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Atmospheric Chemistry and Physics An interactive open-access journal of the European Geosciences Union
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Volume 17, issue 18 | Copyright
Atmos. Chem. Phys., 17, 11177-11192, 2017
© Author(s) 2017. This work is distributed under
the Creative Commons Attribution 3.0 License.

Research article 21 Sep 2017

Research article | 21 Sep 2017

Shift of subtropical transport barriers explains observed hemispheric asymmetry of decadal trends of age of air

Gabriele P. Stiller1, Federico Fierli2, Felix Ploeger3, Chiara Cagnazzo2, Bernd Funke4, Florian J. Haenel1, Thomas Reddmann1, Martin Riese3, and Thomas von Clarmann1 Gabriele P. Stiller et al.
  • 1Karlsruhe Institute of Technology, IMK, P.O. Box 3640, 76021 Karlsruhe, Germany
  • 2National Research Council, Institute for Atmospheric Sciences and Climate, Via Fosso del Cavaliere 100, 00199 Rome, Italy
  • 3Institute for Energy and Climate Research – Stratosphere (IEK-7), Forschungszentrum Jülich, 52425 Jülich, Germany
  • 4Instituto de Astrofísica de Andalucía (CSIC), Glorieta de la Astronomía s/n, 18008 Granada, Spain

Abstract. In response to global warming, the Brewer–Dobson circulation in the stratosphere is expected to accelerate and the mean transport time of air along this circulation to decrease. This would imply a negative stratospheric age of air trend, i.e. an air parcel would need less time to travel from the tropopause to any point in the stratosphere. Age of air as inferred from tracer observations, however, shows zero to positive trends in the northern mid-latitude stratosphere and zonally asymmetric patterns. Using satellite observations and model calculations we show that the observed latitudinal and vertical patterns of the decadal changes of age of air in the lower to middle stratosphere during the period 2002–2012 are predominantly caused by a southward shift of the circulation pattern by about 5°. After correction for this shift, the observations reveal a hemispherically almost symmetric decrease of age of air in the lower to middle stratosphere up to 800K of up to −0.25 years over the 2002–2012 period with strongest decrease in the northern tropics. This net change is consistent with long-term trends from model predictions.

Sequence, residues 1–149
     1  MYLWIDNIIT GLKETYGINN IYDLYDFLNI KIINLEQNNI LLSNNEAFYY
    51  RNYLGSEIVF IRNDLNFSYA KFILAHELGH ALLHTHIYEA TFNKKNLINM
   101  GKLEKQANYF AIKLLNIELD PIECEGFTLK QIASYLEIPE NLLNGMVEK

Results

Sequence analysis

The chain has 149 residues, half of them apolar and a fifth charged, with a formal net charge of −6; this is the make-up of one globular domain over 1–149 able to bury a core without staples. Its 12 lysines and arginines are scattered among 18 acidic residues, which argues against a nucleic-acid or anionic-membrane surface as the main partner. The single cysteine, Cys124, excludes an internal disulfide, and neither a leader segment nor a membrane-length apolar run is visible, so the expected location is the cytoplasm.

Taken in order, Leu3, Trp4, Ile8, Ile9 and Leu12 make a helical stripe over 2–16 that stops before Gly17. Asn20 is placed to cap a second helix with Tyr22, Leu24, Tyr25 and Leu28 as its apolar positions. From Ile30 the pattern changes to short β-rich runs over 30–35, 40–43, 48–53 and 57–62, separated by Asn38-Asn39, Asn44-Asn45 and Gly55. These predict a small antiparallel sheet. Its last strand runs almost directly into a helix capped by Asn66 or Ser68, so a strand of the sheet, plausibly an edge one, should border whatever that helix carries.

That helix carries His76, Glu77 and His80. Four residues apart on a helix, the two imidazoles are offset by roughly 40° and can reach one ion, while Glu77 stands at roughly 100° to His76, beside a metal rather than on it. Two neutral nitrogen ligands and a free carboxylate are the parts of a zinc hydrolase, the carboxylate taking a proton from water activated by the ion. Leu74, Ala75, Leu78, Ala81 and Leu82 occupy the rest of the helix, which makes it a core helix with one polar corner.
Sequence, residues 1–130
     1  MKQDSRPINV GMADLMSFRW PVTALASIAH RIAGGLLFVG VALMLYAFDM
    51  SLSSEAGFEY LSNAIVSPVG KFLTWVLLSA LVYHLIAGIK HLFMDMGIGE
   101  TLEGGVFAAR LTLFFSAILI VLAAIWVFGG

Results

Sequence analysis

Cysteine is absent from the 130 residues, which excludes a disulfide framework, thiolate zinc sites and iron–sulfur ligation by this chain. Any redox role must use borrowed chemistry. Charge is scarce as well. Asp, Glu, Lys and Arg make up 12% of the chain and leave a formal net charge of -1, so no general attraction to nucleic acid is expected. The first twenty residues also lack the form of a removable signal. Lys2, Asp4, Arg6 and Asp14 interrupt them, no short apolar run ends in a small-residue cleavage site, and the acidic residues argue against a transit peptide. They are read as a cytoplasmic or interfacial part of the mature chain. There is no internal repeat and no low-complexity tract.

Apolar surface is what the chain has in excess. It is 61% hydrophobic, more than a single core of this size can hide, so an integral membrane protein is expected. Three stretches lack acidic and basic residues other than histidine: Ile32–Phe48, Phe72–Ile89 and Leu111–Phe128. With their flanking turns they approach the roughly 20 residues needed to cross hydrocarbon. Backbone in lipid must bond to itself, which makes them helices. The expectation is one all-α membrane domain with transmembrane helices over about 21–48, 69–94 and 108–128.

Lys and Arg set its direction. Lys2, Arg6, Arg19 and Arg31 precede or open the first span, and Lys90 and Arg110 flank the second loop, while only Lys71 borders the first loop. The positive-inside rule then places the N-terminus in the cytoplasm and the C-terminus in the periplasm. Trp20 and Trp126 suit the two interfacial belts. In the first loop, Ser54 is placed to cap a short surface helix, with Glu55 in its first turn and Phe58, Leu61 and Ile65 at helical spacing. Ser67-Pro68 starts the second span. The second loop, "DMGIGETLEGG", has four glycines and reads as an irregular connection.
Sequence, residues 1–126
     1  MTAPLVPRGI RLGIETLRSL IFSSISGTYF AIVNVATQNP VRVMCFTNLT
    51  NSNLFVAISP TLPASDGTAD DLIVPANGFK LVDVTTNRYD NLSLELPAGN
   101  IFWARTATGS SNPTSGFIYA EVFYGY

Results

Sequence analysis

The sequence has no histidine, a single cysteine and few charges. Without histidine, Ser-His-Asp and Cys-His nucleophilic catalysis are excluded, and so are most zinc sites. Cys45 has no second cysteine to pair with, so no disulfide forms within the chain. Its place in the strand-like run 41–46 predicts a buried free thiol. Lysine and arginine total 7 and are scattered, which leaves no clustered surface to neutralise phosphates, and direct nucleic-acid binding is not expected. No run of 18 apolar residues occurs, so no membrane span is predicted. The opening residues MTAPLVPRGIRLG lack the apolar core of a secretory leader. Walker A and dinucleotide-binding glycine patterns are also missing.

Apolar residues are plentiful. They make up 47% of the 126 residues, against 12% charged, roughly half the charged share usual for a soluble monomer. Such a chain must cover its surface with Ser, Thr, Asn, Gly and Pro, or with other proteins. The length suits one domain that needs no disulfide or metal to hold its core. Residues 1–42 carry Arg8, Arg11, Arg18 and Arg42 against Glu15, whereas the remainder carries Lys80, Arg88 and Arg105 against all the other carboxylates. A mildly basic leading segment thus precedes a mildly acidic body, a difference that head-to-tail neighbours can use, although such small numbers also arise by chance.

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The discrepancy between modelled and observed 25-year trends of the strength of the stratospheric Brewer–Dobson circulation (BDC) is still not resolved. With our paper we trace the observed hemispheric dipole structure of age of air trends back to natural variability in shorter-term (decadal) time frames. Beyond this we demonstrate that after correction for the decadal natural variability the remaining trend for the first decade of the 21st century is consistent with model simulations.
The discrepancy between modelled and observed 25-year trends of the strength of the...